Outcome measures in palliative care training interventions: a systematic review of trial-based studies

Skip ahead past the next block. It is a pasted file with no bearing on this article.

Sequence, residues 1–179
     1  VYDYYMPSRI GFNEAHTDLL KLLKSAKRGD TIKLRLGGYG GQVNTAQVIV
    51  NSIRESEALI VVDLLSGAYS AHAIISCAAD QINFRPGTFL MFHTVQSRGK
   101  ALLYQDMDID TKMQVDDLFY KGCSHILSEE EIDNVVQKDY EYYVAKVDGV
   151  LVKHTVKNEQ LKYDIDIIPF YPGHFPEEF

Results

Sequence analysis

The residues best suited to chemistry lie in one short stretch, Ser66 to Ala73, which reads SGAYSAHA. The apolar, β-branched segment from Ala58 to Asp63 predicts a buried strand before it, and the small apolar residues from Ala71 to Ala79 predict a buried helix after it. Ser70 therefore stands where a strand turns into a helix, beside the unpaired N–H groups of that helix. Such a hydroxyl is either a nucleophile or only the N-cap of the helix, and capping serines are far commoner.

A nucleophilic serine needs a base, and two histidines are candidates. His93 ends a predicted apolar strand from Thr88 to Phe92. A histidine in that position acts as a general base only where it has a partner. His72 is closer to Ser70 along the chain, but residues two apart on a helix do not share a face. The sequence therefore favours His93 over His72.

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BACKGROUND: The ability of health care clinicians to offer a palliative approach to care to their patients with progressive, life-limiting illness has become critical as demand for these services increases. Numerous training initiatives exist to assist clinicians who are not palliative care specialists in the development of palliative care skills, however there is little consensus on how to best measure the effectiveness of these education programs. We conducted a systematic review of palliative care training intervention trials to examine the outcomes measures used. METHODS: We searched MEDLINE, CINAHL, PsycINFO, Embase, HealthSTAR, and five trial registries for studies and protocols published since 2000. Eligible studies were trials assessing palliative care training for clinicians. Interventions had to address at least two of six palliative care-related domains, based on the National Consensus Project: identification or assessment; illness understanding; symptom management; decision making (e.g., advance care planning); coping (patient and caregivers); and referral (coordination/care planning). Each article was reviewed independently by a minimum of two reviewers for inclusion and extraction of relevant data. RESULTS: Of 1,383 articles reviewed, 36 studies met the inclusion criteria, 16 (44%) of which focused on palliative care communication skills. Among all the trials, 190 different measures were reported. Only 11 validated measures were used in at least 2 studies, including the End-of-Life Professional Caregiver Survey (EPCS) for clinicians and the Quality of Dying and Death Questionnaire (QODD) for caregivers. Clinician and patient/caregiver reported outcomes were measured in 75% and 42% of studies, respectively. Half of the trials employed a study-created questionnaire. Data from administrative (n=14) and/or qualitative (n=7) sources were also used. Nine studies, almost exclusively those with a communication skills focus, assessed clinician interactions as an outcome. CONCLUSIONS: We found considerable diversity in outcomes among the trials reviewed. Further examination of the outcomes used in the broader literature and development of these measures is needed. This will assist towards establishing meaningful and consistent metrics for assessing the impact of palliative care education, to inform evidence-based scaling of effective programs.
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